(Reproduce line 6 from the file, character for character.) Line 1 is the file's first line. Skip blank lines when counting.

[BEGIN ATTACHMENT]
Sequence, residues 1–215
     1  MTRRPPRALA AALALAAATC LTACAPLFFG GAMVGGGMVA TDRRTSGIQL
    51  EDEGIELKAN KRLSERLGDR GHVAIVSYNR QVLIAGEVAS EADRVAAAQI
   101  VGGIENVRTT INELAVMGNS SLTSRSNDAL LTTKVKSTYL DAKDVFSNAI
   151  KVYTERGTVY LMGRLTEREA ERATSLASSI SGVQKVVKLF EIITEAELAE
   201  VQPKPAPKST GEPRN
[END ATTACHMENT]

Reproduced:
   201  VQPKPAPKST GEPRN